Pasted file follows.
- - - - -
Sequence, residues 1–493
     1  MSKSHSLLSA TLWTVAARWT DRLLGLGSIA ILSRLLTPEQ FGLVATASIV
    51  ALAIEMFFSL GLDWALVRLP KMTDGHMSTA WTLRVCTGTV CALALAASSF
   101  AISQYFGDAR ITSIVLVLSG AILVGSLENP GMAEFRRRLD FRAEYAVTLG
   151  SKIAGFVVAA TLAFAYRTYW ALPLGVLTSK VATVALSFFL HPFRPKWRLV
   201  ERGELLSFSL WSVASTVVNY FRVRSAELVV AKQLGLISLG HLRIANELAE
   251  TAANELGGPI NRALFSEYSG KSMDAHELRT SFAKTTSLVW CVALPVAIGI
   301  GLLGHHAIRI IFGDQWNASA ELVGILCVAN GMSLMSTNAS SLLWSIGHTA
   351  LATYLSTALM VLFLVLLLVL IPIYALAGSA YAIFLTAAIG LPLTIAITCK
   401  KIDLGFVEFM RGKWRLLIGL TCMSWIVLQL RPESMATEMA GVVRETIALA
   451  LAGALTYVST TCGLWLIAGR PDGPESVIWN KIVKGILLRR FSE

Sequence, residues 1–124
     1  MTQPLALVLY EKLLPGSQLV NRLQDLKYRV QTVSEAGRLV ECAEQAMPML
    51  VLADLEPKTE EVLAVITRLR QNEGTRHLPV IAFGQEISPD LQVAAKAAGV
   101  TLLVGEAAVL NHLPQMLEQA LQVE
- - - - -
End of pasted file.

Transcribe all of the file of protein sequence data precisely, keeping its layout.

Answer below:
Sequence, residues 1–493
     1  MSKSHSLLSA TLWTVAARWT DRLLGLGSIA ILSRLLTPEQ FGLVATASIV
    51  ALAIEMFFSL GLDWALVRLP KMTDGHMSTA WTLRVCTGTV CALALAASSF
   101  AISQYFGDAR ITSIVLVLSG AILVGSLENP GMAEFRRRLD FRAEYAVTLG
   151  SKIAGFVVAA TLAFAYRTYW ALPLGVLTSK VATVALSFFL HPFRPKWRLV
   201  ERGELLSFSL WSVASTVVNY FRVRSAELVV AKQLGLISLG HLRIANELAE
   251  TAANELGGPI NRALFSEYSG KSMDAHELRT SFAKTTSLVW CVALPVAIGI
   301  GLLGHHAIRI IFGDQWNASA ELVGILCVAN GMSLMSTNAS SLLWSIGHTA
   351  LATYLSTALM VLFLVLLLVL IPIYALAGSA YAIFLTAAIG LPLTIAITCK
   401  KIDLGFVEFM RGKWRLLIGL TCMSWIVLQL RPESMATEMA GVVRETIALA
   451  LAGALTYVST TCGLWLIAGR PDGPESVIWN KIVKGILLRR FSE

Sequence, residues 1–124
     1  MTQPLALVLY EKLLPGSQLV NRLQDLKYRV QTVSEAGRLV ECAEQAMPML
    51  VLADLEPKTE EVLAVITRLR QNEGTRHLPV IAFGQEISPD LQVAAKAAGV
   101  TLLVGEAAVL NHLPQMLEQA LQVE